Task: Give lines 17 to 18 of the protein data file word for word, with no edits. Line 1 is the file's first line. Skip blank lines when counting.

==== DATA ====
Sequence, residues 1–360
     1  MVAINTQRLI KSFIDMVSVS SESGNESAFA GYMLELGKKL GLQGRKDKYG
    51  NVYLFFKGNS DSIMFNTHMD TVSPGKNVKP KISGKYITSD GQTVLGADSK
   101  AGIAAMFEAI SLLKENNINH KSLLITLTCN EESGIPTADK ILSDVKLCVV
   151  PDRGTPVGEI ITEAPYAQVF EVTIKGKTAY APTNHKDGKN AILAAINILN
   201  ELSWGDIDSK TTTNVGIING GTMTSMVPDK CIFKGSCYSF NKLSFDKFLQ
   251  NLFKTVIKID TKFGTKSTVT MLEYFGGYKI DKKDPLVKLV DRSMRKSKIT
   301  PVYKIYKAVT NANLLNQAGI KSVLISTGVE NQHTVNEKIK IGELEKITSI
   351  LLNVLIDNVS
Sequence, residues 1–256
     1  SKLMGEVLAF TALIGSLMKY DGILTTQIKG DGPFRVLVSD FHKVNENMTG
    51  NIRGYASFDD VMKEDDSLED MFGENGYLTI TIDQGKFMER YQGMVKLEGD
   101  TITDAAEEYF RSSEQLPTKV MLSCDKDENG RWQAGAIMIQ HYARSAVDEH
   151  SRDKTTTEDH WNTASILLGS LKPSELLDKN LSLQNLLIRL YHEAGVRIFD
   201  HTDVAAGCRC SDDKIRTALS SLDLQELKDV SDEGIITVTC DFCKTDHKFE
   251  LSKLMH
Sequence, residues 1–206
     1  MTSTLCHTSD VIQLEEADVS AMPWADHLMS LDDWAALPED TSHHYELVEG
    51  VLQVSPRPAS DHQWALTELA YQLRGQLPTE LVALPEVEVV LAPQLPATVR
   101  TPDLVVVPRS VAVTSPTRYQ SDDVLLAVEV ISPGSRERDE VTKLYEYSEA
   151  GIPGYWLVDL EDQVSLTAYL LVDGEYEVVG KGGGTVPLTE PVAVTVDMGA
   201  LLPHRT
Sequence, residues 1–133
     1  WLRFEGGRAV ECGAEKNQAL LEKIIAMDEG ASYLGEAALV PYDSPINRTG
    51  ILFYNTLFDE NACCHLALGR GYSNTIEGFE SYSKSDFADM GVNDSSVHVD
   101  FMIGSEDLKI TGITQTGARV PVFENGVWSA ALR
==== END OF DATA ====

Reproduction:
Sequence, residues 1–206
     1  MTSTLCHTSD VIQLEEADVS AMPWADHLMS LDDWAALPED TSHHYELVEG